vlcsnap-84784

A shy and fumbling suitor, Poemarsh turns to his man-of-the-world best pal, Carl Loomis (1960 was a good year for Loomises), played by Walsh, and suddenly the film seems like a premake of  Richard Lester’s THE KNACK…AND HOW TO GET IT, with a successful loverboy guiding an incompetent novice, until both find themselves competing over a girl. The difference being that Michael Crawford never bludgeoned Ray Brooks to death with a poker and hid him under the living room floor.

vlcsnap-86620

BA-DOOM, BA-DOOM, BA-DOOM…

Now comes the Mario Bava stuff. The incessant beating of the dead man’s heart (?) is picked up by a ticking metronome and a dripping tap, leading me to wonder if Bava’s BLACK SABBATH, three years later, was consciously influenced by this obscure movie. When a claw-like sea-shell ornament and a piece of porcelain start rocking back and forth in time to the beat, I was strongly reminded of the sliding china hand from Bava’s last feature, SHOCK.

Then, my favourite bit, the carpet bulging rhythmically to the beat of the heart, as if the living room floor were a cartoon character’s bosom.

vlcsnap-87273

BA-DOOM, BA-DOOM, BA-DOOM…

Finally, we get the Poe pay-off, “It’s the beating of that infernal heart!” (Payne is great at anguish and hysteria and Ernest Morris has a smart sense of when to let rip with an ECU) , and then an it-was-all-a-dream-or-was-it? ending no doubt inspired by DEAD OF NIGHT, which almost-but-not-quite accounts for the hero’s double name. (He’s Poe in reality, Marsh in his dream — although this schism contributes nothing except a floating caul of confusion.)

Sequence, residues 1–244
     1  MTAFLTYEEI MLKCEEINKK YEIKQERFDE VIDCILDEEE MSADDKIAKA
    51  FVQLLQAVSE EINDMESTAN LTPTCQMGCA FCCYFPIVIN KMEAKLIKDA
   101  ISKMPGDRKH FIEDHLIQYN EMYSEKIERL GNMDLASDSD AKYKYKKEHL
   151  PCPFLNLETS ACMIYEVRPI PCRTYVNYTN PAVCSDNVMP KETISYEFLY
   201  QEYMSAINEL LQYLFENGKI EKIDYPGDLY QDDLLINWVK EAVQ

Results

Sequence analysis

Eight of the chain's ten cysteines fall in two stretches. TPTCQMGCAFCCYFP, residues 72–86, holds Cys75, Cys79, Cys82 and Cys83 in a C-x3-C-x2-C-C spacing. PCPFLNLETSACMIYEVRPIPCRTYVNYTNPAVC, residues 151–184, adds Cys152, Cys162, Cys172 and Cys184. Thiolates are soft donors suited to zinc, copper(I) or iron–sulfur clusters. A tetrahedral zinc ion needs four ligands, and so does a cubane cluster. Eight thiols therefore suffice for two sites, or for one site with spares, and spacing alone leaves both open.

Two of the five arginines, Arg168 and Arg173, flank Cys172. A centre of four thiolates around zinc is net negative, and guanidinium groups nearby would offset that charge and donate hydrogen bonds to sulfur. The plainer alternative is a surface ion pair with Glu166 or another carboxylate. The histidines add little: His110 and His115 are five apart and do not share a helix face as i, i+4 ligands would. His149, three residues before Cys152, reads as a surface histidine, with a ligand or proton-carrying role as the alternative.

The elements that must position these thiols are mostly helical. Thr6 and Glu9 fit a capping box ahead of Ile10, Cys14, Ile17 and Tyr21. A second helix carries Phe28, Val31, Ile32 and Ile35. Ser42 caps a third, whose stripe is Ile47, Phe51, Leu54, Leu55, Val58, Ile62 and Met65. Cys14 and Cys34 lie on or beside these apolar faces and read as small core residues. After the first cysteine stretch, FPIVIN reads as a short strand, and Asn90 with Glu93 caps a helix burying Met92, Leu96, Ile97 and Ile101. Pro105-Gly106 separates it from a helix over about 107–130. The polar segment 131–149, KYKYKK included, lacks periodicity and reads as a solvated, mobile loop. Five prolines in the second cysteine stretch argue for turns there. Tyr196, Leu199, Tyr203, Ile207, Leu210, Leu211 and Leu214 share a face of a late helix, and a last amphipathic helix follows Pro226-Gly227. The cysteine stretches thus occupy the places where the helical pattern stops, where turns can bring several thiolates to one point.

Close-up of a chess board where Marsh left it in Poe’s dream: “Checkmate!”

BA-DOOM, BA-DOOM, BA-DOOM…

About these ads

17 Responses to “The Tell-tale Tit”

  1. Though not a Poe adaptation one of the most intensely Poe-like films ever made is Lang’s exquisite House By the River. It’s been pretty much forgotten by all but the MacMahonists and I highly reccomend you take a look.

  2. I’ve never seen that one, I believe it’s out on a DVD by KINO.

    My favourite Poe-like film is Bunuel’s ENSAYO DE UN CRIMEN(better known as THE CRIMINAL LIFE OF ARCHIBALDO DE LA CRUZ, for me a better title then Rehearsal of a Crime) it has a magical music box that gives the title character to kill any woman he wants even if only indirectly and it’s narrated in first person via flashbacks just like Poe. It even has some of Poe’s sense of humour, much overlooked in my view.

    The best Poe film for me is Fellini’s TOBY DAMMITT which is more Fellini than Edgar Allan but what’s right is right.

  3. Oh it’s a masterpiece. But “Never Bet the Devil Your Head” is a darkly comic tale. Fellini’s Toby Dammit is something else entirely.